So when looking at the 3D interior visualization, it’s wise to consider the way the elements and space are organized. If a part of the 3D render looks visually overloaded or empty, it makes sense to check whether the composition is okay.

#3. Details That Evoke Emotions

3D Interior Visualization of a Luxury Design

3D visualization technology allows for creating images that not only convey technical info but also touch people’s emotions. It is possible by adding smart details — small but meaningful elements that tell how wonderful it would be to live or work in the future space.

For instance, a render for a sleek minimalist office interior might include a notebook and a cup of steaming coffee on the desk. These subtle details will add life to the situation pictured and spur viewers’ imagination. They will see themselves starting a working day in that office, writing down questions for an upcoming meeting and sipping the delicious drink.

So when checking out the 3D visualizations, it’s a must to see what kind of details the 3D artist included. Do they paint a clear picture? Moreover, if the designer has any ideas at the project outset, it’s best to share them with the studio — this may save plenty of time and help to create an image with a compelling story.

#4. Style Consistency

CG Interior Visualization of a Kitchen

When everything in the image is consistent in style, it pleases the eye and creates an impression of wholeness. So, not a single interior detail should look extraneous in relation to other elements. For instance, a room in the Industrial style cannot include classic artwork or a crystal chandelier — it will look weird. So it’s wise to check that all details in the 3D interior visualization belong to the same style.

#5. High-Quality Textures

3D Interior Rendering of a Stylish Space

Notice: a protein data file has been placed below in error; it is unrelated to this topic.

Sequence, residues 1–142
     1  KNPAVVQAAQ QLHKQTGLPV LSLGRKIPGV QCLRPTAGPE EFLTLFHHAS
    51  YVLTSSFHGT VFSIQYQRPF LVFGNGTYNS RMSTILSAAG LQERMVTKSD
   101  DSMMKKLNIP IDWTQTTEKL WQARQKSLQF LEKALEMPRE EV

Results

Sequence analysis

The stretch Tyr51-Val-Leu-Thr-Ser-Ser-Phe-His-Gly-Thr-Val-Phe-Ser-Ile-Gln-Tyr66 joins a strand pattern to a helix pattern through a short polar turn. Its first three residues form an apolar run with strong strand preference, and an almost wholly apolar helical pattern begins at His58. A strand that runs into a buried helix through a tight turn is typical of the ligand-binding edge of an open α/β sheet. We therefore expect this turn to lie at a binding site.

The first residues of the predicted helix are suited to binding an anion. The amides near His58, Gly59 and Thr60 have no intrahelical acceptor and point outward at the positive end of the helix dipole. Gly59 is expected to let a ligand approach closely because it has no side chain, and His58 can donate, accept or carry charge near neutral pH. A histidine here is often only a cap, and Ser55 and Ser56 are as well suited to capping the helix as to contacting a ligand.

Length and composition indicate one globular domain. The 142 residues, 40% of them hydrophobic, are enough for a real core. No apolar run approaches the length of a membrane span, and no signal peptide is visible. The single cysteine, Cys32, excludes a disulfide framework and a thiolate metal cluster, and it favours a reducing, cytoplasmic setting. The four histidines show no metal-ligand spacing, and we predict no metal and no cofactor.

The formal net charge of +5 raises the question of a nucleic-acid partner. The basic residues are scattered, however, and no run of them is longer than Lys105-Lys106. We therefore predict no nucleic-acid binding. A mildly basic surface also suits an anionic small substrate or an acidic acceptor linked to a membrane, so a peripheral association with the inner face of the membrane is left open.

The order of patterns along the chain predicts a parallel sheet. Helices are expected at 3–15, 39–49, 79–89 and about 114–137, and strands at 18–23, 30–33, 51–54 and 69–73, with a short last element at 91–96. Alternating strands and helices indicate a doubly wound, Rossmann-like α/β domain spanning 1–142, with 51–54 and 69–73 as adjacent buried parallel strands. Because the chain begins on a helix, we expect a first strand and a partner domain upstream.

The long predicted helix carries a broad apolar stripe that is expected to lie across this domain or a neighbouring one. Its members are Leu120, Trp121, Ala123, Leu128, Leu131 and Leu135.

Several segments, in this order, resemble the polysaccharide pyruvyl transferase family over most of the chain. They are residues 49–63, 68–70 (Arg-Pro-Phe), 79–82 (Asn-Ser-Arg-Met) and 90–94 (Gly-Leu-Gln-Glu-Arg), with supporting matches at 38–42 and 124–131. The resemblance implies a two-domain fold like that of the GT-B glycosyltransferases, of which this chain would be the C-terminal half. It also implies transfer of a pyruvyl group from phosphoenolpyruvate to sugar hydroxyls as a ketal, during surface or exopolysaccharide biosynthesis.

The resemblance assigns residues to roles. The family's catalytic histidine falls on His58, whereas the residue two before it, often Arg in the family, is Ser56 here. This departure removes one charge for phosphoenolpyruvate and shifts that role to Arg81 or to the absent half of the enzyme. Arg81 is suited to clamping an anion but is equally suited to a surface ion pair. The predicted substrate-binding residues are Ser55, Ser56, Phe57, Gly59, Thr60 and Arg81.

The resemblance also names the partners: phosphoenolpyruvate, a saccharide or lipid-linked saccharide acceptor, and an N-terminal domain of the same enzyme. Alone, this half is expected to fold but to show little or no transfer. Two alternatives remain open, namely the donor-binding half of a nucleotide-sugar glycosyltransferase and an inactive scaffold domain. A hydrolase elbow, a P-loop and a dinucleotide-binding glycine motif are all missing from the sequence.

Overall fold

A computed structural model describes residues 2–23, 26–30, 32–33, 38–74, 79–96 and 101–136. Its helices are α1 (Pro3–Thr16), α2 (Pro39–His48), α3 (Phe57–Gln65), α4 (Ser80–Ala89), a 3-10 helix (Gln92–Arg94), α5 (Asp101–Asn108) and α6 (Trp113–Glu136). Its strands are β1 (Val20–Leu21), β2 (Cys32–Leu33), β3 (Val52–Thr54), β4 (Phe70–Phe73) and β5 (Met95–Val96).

For all surfaces to look real, interior 3D rendering should contain only highly detailed textures, with realistic colors and material patterns scaling. This way, a viewer will practically feel how fluffy the wool rug is, and how soft to touch the furnishing textiles are.

The low-quality, flat textures with incorrect scaling, unnatural colors, or visible seams look fake. That’s why they are unable to evoke any pleasant associations. So if the designer finds such an error in a 3D render, they’d better send it back for corrections.

If the designer knows the key elements of a 3D interior visualization scene, they can easily prepare a detailed brief for work with a CGI studio. Such a brief will help the firm’s 3D artists to quickly make stylish 3D renders with realistic light, high-quality textures, perfect composition, and details that bring positive emotions. In such a way, the designer gets the best renders in the shortest terms and for a reasonable cost.

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Catherine Paul
Content Writer, Editor at ArchiCGI

Catherine is a content writer and editor. In her articles, she explains how CGI is transforming the world of architecture and design. Outside of office, she enjoys yoga, travelling, and watching horrors.